Your search * has 2805 results

a-z index of titles
  • Socialistische pers

Filters

Subject

11.11.11: the Armistice

At the start of November 1918, an allied delegation and representatives of the new German government came together to prepare an armistice. The negotiations were conducted in a train carriage in the woods of Compiegne, on the allied side of the front. The Germans, however, did not have much room for negotiation. Their troops were demoralised, and ...

American help for the Belgians

On the eve of the war, Belgium was dependent for a great part of its food supply on imports. Because of the British maritime blockade, imports came to a standstill. As a result, food supplies quickly became problematic, particularly in the cities. In order to feed the population, a gigantic aid programme was set in motion undertaken by two ...

The electrified frontier: the border fence between Belgium and the...

The border region between occupied Belgium and the neutral Netherlands soon became a smuggling paradise. Traffic in letters, military information and foodstuffs was rife. Young men who wanted to join the Belgian army also crossed the border. From the spring of 1915, the German troops decided to call a halt to this. They constructed a barbed wire ...

Overstepping the mark: the border with the Netherlands

From the beginning of the war, the border with the neutral Netherlands had bustled with activity. Almost immediately after the occupation, the German authorities sealed off the border to the Netherlands with barbed wire. The Germans wanted to prevent Belgian war volunteers from reaching the front via the Netherlands, and at the same time to call a ...

Play during the occupation

Wartime was sometimes a difficult period for children but this did not discourage them from continuing to play. The war had a great appeal and offered them a great deal of inspiration for fantasy play. They marched along with passing troops, sang satirical songs and tore German ordinances from the walls. They collected souvenirs and began a trade ...

A tangle of regulations? – German ordinances in occupied territory

The German occupier ruled in occupied territory by means of countless Verordnungen and Bekanntmachungen. Public life was regulated by thousands of big and small regulations that changed continually. Many of these regulations were felt to be harassment by the population, but from the standpoint of German, military logic they were mostly very ...

Antwerp: from National Redoubt to occupied city

An impregnable city   From the middle of the 19th century, Antwerp had occupied an exceptional position in the military defensive plans. The government and the army command had decided to transform the port into a National Redoubt; a fortified stronghold into which the army, the king and the government could withdraw when threatened by ...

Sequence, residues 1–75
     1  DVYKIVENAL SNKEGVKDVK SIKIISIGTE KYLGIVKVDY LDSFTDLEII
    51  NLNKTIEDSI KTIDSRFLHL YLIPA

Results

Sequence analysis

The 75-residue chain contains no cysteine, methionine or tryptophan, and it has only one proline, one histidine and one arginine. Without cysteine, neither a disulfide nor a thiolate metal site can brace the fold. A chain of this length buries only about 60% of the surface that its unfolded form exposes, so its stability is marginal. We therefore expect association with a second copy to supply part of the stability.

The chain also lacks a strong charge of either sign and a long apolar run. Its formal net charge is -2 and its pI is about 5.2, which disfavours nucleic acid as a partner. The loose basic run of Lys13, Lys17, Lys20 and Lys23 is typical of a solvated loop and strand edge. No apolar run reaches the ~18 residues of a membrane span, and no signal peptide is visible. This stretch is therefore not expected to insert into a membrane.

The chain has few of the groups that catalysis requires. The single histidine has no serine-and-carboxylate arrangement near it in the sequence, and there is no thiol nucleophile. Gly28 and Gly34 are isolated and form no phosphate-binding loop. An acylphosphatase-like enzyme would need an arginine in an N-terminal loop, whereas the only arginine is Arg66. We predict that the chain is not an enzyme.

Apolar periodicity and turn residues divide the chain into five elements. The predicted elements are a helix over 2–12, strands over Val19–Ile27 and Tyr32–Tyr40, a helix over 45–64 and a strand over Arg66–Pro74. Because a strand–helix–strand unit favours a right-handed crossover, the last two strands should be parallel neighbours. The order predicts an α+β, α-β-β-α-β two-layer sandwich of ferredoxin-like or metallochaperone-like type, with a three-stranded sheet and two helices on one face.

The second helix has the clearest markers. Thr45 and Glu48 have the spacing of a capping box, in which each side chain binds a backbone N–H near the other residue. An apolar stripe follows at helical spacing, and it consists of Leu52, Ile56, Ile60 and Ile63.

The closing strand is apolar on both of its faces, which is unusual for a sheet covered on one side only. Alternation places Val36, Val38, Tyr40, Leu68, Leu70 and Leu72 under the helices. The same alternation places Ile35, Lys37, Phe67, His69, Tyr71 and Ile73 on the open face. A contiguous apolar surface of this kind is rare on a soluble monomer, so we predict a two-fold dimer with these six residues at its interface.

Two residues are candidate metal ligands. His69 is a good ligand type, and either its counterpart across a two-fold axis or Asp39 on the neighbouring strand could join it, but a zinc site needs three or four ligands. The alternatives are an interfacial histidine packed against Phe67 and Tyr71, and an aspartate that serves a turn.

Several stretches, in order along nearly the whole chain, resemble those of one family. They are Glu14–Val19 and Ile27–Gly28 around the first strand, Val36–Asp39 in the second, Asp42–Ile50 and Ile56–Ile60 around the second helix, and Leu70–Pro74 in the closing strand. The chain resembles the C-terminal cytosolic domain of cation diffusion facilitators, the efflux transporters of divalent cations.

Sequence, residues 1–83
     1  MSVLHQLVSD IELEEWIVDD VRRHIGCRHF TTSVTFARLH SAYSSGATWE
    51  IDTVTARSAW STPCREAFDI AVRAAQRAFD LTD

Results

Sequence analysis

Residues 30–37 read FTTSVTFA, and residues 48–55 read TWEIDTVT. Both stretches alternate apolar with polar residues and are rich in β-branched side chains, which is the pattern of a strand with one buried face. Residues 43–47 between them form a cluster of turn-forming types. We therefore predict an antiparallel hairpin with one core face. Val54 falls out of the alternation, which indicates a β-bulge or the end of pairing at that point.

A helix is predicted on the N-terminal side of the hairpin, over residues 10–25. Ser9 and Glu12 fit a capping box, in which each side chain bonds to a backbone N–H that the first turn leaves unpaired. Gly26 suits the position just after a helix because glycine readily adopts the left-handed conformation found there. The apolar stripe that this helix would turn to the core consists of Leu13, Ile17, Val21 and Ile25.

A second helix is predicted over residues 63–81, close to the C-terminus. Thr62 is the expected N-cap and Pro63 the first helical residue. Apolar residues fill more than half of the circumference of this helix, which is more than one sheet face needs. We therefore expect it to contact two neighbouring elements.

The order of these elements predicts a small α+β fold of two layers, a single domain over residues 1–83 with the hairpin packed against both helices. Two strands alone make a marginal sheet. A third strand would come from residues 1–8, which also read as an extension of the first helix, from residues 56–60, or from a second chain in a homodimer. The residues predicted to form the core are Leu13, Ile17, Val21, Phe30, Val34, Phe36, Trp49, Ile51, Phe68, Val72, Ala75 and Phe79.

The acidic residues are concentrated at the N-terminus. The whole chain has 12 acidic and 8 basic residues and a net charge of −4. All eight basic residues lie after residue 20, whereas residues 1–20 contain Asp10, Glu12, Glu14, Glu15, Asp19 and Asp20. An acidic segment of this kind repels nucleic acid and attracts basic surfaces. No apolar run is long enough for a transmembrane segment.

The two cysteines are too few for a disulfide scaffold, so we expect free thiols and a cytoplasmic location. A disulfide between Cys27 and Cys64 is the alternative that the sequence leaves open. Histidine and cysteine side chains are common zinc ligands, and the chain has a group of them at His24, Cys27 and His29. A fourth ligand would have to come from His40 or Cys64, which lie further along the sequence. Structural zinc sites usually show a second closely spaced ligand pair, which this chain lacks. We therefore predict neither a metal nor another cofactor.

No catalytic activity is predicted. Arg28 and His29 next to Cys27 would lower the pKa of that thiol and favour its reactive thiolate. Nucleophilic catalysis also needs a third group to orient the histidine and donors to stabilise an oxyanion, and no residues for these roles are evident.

An assassination that set the world alight: the attack on Franz...

On 28 June 1914, the heir to the Austro-Hungarian throne, Franz Ferdinand, was assassinated in Sarajevo.   Sarajevo was the capital of the Austrian province of Bosnia. Austria-Hungary was a multi-ethnic state, which was under extreme pressure because of nationalistic tendencies. Part of the Bosnian population supported the neighbouring ...

A new role for women?

In Great Britain, the army swallowed up an important part of the male workforce during The First World War. Women often took over their work in the factories, or in the fields, temporarily. However, the efforts of women had little impact on their post-war role. In Belgium, the scope of the employment of women in the war industry, and in the ...

The League of Nations

After 11 November 1918, the cry of 'No war ever again’ sounded out louder than ever before. The countries that negotiated the peace accord were in agreement that the text of the treaty should contain sufficient guarantees to prevent future wars. One of these guarantees was the foundation of a League of Nations that would devote itself to ...

Tourism in time of war

Immediately before The First World War, a democratisation of tourism took place. Tourism was no longer only reserved for the very wealthiest; the well-off middle class could also afford a trip every now and then too. At the outbreak of the war, tourism in occupied Belgium initially fell completely still. Conveyances such as cars and bicycles were ...

Dogs under the occupation

Because so many horses and donkeys were requisitioned in occupied Belgium, dogs had to provide even more pulling power than before the war. They were harnessed to dogcarts and pulled the milkman's milk, the baker's bread, and the farmer's children. However, the Germans, who were not familiar with the practice, rejected dogcarts as ...

Pages